Monitoring your blood pressure at home can help you get better control over your health; you will feel more motivated to improve your diet, be more physically active and get proper medication. It can also help you save money from medical visits.
Whitecoat vs masked hypertension
In some instances, being in a doctor's clinic can cause people to have elevated blood pressure on their readings. This is called white coat hypertension. On the contrary, there are also people whose blood pressure is fine at the doctor's clinic and have spikes in their blood pressure elsewhere; this is called masked hypertension.
When checking your blood pressure at the doctor's clinic, the reading only shows your blood pressure at that moment, while home monitoring lets you check your blood pressure often. This home practice will help you determine if you really have high blood pressure.
That is why it is important to know how to accurately check and monitor your blood pressure at home.
What affects a BP reading?
Before you start measuring your blood pressure, it is important to know the factors affecting a blood pressure reading.
There are many things that can affect your blood pressure reading, and this includes nervousness, food and drink, physical activity before your reading, and how you are sitting while having your blood pressure measured.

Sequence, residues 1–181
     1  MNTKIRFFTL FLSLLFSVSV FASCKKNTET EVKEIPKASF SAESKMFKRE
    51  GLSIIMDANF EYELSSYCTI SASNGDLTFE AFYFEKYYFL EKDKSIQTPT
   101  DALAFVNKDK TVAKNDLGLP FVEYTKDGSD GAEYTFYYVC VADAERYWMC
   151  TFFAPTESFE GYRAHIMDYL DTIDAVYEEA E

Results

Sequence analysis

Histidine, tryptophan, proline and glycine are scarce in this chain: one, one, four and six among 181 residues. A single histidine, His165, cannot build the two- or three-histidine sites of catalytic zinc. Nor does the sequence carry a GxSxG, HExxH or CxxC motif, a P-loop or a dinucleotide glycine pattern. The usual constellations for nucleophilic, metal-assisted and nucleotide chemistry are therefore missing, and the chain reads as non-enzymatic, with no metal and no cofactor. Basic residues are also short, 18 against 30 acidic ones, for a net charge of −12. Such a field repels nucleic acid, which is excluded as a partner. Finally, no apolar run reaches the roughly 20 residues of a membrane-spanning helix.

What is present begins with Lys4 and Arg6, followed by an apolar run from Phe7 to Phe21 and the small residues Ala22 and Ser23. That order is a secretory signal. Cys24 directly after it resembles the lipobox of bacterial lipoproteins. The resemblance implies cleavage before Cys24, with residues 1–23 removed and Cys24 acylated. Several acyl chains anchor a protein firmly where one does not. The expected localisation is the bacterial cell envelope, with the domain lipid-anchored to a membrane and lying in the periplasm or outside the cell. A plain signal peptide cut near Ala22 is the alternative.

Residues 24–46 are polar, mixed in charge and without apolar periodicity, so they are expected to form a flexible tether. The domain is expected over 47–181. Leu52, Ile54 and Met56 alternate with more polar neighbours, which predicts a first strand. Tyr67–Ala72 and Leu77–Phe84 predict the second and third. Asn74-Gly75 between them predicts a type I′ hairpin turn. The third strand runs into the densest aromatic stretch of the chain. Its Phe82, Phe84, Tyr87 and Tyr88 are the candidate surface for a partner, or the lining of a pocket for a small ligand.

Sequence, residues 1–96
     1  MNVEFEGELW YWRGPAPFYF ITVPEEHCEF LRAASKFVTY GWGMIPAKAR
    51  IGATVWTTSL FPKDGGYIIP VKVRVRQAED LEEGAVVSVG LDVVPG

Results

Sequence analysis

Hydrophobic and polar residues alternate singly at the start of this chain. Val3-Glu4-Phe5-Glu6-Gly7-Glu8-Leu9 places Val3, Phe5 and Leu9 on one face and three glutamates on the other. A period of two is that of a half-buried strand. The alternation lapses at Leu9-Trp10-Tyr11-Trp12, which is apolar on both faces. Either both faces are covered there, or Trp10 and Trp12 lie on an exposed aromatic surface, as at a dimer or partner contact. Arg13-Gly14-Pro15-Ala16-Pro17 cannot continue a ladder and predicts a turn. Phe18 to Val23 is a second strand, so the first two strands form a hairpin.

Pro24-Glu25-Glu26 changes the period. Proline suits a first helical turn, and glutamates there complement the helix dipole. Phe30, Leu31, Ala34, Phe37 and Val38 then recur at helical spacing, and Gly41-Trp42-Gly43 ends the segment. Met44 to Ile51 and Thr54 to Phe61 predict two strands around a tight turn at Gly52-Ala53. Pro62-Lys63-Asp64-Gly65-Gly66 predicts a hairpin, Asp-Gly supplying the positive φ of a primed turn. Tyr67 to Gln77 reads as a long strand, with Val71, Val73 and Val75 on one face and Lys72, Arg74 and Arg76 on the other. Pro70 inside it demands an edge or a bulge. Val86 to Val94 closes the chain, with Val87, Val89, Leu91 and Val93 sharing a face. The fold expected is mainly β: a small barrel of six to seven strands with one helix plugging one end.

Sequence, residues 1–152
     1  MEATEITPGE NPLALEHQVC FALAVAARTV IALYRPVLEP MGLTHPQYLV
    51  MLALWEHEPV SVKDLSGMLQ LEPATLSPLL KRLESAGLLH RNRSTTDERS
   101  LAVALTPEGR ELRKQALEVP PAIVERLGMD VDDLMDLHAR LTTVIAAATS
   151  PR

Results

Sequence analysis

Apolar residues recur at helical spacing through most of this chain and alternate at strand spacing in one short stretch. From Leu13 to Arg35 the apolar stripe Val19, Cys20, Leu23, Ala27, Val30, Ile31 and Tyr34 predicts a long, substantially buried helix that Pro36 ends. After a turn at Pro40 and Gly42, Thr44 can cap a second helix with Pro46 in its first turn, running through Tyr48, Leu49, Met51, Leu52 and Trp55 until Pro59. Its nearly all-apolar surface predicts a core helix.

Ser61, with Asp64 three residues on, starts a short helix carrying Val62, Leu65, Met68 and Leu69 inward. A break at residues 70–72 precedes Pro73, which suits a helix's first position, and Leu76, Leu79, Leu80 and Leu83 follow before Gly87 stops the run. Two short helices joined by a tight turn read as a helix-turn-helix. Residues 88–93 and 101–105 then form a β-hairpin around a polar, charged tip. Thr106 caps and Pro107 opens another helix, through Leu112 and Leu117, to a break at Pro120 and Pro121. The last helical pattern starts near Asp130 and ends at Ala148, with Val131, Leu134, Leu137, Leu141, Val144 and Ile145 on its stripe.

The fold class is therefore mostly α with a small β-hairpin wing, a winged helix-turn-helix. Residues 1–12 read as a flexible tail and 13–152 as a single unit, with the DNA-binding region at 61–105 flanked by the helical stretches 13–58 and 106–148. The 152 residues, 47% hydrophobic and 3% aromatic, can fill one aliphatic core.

Smoking, drinking alcohol or caffeinated beverages, and exercising before getting your blood pressure measurement can lead to a higher blood pressure reading. Sitting with your legs crossed and letting your arm hang limply at your side can also cause your reading to spike, rather than resting your arm on a chest-level table.
Therefore, it is critical to get an accurate blood pressure reading to avoid getting medical treatments that you don't actually need.
So, here’s how you accurately measure your blood pressure:
The proper use of a blood pressure monitor requires practice. Make sure you take your device to your health care provider the first time you use it to compare your device’s readings and your health care provider’s readings on their device. This ensures your device is working properly and accurately.
Once you know your device is working fine and accurately, you can start monitoring your blood pressure at home.
Step #1: Measure your blood pressure at least twice a day.
You can measure your blood pressure in the morning about an hour after waking up but before taking your breakfast and medications, then measure it again in the evening. If you exercise after waking up, measure your blood pressure before exercising.